A fair percentage of “dossers” in London’s East End are Irishmen who are temporarily out of employment, big navvies mostly.

Next to them in proportion come the Scots.

The Cockneys are in the majority, for there is a type of Londoner who cannot keep away from the “kip-shops” however well off he may be. When he does get away from them it is usually because he has been making money, and some woman has married him and taken him away.

I know several cases of young men who have lived in doss-houses ever since they were boys. Their fathers have lived there before them, and directly they could get away from the guardians or the good Samaritans who took them in as infants they also come to the kip-houses.

A group of men sitting on their beds in a comon lodging house.
The Mens Beds In A Common Lodging House


Besides the types I have already mentioned there are the professional beggars, who are barred by most of the other inmates because of their intolerable dirtiness.

There are the “incompetents” whom everybody helps. These are the men, sometimes slightly crippled, who simply cannot make a living although they try. They are weaklings, struggling unskilfully in life’s current, which is far too strong for them.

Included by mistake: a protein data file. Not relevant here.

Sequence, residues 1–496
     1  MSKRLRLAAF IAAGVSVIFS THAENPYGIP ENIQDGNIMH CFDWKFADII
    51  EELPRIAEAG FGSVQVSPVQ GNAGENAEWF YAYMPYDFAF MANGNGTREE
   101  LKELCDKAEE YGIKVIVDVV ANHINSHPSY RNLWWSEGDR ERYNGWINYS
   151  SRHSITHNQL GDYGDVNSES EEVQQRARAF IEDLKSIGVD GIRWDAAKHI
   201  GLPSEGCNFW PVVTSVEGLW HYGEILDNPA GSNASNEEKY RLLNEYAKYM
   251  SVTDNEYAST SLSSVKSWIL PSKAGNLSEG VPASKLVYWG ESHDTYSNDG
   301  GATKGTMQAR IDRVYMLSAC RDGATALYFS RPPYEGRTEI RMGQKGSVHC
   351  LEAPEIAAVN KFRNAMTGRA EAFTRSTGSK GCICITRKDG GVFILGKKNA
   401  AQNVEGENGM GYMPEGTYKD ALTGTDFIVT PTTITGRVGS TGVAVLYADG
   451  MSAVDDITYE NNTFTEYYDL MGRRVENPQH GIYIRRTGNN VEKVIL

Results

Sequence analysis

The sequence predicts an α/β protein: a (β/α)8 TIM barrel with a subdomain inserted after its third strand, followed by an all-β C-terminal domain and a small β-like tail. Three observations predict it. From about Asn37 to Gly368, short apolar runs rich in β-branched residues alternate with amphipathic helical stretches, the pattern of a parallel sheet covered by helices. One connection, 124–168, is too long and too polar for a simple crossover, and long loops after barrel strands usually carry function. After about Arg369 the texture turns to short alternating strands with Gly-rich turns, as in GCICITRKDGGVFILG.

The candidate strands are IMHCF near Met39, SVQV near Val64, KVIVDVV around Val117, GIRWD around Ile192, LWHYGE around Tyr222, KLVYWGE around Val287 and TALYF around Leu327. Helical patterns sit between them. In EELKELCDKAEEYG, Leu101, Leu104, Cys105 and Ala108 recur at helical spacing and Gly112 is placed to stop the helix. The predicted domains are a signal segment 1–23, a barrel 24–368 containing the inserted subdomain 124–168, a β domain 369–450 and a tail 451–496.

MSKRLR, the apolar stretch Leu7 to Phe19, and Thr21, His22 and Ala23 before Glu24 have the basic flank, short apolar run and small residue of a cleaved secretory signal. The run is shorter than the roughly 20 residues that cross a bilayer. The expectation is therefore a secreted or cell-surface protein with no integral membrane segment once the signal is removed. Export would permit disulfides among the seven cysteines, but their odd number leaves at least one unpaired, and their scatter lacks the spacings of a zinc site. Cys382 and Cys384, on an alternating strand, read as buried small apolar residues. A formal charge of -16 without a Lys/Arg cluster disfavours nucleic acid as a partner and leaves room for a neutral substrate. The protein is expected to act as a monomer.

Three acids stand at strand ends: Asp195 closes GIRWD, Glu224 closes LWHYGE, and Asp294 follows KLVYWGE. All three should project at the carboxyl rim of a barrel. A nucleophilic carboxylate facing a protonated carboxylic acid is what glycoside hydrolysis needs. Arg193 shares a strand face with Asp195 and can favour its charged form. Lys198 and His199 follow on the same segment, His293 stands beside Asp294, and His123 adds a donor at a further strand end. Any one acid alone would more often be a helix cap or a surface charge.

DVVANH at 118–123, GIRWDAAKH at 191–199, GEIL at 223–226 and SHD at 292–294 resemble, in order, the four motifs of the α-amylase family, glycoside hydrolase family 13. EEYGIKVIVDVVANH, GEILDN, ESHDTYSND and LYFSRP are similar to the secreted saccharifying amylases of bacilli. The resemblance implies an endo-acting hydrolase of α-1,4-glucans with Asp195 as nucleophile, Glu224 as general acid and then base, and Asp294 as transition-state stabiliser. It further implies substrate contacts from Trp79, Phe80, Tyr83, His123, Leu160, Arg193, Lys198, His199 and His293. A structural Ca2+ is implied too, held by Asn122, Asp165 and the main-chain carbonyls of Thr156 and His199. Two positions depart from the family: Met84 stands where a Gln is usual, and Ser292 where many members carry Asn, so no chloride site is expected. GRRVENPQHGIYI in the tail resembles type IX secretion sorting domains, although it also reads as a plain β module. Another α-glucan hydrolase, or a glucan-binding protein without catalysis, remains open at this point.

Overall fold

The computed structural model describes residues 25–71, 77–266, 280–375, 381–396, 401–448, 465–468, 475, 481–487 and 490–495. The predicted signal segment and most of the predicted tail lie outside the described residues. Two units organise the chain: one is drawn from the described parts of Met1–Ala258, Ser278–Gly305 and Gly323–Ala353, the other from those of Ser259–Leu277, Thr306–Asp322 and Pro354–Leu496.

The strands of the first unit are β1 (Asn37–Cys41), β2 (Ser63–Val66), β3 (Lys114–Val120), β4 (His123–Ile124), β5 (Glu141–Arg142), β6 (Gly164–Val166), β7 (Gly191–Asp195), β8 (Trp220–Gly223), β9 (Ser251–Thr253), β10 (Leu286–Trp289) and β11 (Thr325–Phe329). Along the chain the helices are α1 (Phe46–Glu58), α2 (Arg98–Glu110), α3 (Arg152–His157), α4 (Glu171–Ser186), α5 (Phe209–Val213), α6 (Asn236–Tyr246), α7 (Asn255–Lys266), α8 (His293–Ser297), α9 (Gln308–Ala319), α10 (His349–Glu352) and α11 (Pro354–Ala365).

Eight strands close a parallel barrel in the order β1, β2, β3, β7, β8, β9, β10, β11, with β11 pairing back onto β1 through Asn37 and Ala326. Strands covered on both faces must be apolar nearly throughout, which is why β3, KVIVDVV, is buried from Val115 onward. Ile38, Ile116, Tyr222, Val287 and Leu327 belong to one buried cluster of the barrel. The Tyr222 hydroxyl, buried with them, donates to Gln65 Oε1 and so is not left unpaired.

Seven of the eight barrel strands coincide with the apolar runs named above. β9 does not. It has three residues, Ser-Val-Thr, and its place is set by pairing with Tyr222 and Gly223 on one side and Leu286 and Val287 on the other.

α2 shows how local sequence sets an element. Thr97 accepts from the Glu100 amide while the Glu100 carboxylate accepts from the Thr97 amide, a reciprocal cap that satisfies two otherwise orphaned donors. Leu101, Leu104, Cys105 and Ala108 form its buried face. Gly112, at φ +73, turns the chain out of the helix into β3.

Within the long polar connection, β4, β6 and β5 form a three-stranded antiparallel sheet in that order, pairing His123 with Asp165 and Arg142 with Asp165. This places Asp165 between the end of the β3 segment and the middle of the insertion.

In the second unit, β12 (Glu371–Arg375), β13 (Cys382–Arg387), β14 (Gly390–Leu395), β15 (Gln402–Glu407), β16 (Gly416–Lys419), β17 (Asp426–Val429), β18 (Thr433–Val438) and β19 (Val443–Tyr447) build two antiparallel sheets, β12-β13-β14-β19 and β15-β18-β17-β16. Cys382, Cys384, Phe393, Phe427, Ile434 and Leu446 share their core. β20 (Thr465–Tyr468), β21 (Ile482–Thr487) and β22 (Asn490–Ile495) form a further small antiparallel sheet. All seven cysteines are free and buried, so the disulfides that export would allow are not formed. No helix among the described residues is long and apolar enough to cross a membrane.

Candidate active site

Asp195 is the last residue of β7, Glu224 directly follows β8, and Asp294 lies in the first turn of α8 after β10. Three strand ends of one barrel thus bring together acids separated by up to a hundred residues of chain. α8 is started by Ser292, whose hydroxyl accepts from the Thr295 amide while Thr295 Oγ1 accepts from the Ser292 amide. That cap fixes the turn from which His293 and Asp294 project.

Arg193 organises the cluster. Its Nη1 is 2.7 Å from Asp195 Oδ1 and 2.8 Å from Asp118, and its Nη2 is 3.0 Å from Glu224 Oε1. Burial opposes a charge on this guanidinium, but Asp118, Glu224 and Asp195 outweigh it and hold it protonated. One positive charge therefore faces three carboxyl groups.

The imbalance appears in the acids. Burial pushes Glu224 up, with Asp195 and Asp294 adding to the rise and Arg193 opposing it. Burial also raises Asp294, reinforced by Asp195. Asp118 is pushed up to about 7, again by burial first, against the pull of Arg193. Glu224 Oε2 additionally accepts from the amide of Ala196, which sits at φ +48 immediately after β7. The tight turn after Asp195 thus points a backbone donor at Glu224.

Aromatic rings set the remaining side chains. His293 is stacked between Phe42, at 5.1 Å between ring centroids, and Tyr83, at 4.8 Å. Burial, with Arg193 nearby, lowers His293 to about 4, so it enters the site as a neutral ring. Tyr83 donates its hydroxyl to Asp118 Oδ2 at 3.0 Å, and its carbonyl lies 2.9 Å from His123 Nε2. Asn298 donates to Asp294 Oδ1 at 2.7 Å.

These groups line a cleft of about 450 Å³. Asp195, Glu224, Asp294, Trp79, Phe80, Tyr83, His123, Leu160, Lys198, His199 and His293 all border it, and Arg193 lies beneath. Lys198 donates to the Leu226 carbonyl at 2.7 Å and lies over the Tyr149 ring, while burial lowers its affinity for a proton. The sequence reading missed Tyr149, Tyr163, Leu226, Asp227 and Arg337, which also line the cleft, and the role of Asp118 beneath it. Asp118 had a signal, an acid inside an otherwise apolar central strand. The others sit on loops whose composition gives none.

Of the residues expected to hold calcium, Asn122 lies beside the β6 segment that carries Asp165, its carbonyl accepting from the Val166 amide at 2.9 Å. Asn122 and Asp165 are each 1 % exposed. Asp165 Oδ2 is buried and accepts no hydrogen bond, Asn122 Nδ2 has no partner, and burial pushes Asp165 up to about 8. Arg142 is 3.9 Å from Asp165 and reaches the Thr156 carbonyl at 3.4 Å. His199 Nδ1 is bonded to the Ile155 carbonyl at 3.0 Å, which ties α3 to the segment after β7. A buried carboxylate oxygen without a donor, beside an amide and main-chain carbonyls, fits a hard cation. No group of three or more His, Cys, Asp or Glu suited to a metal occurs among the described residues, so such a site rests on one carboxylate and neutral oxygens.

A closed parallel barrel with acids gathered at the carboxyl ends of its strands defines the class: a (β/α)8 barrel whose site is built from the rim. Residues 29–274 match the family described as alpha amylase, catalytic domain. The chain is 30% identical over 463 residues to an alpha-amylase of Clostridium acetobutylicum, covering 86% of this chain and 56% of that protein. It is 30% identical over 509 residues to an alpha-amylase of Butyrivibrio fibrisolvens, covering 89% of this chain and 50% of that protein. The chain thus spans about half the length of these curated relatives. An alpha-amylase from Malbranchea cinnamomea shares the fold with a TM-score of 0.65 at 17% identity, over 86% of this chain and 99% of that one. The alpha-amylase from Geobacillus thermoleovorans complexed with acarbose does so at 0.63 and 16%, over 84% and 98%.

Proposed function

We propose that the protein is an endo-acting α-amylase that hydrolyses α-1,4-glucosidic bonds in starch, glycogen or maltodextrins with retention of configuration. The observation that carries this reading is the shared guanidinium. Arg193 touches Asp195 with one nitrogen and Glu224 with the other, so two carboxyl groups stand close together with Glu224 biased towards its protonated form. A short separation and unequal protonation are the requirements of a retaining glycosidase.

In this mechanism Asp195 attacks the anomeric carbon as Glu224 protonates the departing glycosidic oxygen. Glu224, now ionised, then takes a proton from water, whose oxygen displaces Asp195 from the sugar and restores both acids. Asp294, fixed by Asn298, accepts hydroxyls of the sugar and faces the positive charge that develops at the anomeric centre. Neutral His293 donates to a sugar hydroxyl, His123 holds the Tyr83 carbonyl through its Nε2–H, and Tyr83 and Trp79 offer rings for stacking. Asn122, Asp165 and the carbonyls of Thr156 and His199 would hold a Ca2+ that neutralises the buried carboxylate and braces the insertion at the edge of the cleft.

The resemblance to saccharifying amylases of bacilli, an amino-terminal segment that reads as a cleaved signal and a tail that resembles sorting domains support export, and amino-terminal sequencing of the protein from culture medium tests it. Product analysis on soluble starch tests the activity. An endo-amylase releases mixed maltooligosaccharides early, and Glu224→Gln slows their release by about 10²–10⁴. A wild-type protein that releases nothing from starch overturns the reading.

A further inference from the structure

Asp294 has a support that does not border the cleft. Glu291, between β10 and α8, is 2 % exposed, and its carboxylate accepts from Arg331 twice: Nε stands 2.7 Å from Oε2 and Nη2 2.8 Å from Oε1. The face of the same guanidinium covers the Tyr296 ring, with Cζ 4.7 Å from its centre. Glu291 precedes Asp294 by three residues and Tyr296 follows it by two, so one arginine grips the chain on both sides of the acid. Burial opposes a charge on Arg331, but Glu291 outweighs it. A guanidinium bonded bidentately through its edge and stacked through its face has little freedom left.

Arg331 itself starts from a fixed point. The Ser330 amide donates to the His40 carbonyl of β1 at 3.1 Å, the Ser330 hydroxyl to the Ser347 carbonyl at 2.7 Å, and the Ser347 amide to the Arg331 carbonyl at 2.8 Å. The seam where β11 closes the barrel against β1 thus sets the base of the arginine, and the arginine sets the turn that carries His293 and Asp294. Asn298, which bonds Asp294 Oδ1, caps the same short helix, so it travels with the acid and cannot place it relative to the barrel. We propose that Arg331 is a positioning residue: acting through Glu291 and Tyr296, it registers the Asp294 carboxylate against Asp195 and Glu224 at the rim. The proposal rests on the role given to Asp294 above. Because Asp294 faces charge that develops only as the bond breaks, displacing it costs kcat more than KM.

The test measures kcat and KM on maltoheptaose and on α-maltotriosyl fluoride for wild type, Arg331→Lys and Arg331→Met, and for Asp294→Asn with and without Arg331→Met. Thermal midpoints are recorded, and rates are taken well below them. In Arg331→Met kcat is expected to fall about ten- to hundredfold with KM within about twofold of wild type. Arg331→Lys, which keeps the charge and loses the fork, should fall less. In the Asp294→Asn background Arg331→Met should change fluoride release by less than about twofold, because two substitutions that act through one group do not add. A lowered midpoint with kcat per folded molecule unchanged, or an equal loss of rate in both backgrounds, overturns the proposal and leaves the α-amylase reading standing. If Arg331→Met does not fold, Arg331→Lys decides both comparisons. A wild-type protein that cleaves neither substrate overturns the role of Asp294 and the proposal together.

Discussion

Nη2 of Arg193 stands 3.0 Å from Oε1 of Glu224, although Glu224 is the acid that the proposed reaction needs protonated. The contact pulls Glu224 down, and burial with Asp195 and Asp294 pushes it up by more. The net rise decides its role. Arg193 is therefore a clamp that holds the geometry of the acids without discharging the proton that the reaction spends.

Professional thieves are also to be found, but they do not steal in the doss-house itself. That is the second unforgivable sin. The first is giving information to the police, or “grassing,” to use the latest slang of the underworld.

Fagin still exists among us, especially in the Whitechapel district of Stepney. But he is not always a Jew.

Most of the older thieves and organizers of thieving I have met have been pure cockneys or “Brummies.”


The trouble with these men is that they talk about their past exploits to the youngsters, are always tremendously sympathetic for anyone who has just “come out,” providing he has “been away” for stealing, and they give a false romance to the crooked life which the youngsters are only too willing to accept.